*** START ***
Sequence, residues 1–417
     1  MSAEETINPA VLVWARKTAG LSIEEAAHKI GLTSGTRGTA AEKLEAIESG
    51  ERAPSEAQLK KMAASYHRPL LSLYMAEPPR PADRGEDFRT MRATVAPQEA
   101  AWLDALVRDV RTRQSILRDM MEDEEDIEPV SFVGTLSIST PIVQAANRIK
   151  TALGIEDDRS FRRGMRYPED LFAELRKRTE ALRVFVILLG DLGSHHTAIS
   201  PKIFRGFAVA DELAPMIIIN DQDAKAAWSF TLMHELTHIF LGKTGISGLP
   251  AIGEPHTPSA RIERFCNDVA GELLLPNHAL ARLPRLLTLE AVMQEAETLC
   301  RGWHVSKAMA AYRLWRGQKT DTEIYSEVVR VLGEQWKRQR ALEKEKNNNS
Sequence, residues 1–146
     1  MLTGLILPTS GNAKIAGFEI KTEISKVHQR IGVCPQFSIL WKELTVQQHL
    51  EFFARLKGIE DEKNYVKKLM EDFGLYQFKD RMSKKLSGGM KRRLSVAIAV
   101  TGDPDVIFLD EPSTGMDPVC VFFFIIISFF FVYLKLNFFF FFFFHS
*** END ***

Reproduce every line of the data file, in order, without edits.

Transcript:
Sequence, residues 1–417
     1  MSAEETINPA VLVWARKTAG LSIEEAAHKI GLTSGTRGTA AEKLEAIESG
    51  ERAPSEAQLK KMAASYHRPL LSLYMAEPPR PADRGEDFRT MRATVAPQEA
   101  AWLDALVRDV RTRQSILRDM MEDEEDIEPV SFVGTLSIST PIVQAANRIK
   151  TALGIEDDRS FRRGMRYPED LFAELRKRTE ALRVFVILLG DLGSHHTAIS
   201  PKIFRGFAVA DELAPMIIIN DQDAKAAWSF TLMHELTHIF LGKTGISGLP
   251  AIGEPHTPSA RIERFCNDVA GELLLPNHAL ARLPRLLTLE AVMQEAETLC
   301  RGWHVSKAMA AYRLWRGQKT DTEIYSEVVR VLGEQWKRQR ALEKEKNNNS
Sequence, residues 1–146
     1  MLTGLILPTS GNAKIAGFEI KTEISKVHQR IGVCPQFSIL WKELTVQQHL
    51  EFFARLKGIE DEKNYVKKLM EDFGLYQFKD RMSKKLSGGM KRRLSVAIAV
   101  TGDPDVIFLD EPSTGMDPVC VFFFIIISFF FVYLKLNFFF FFFFHS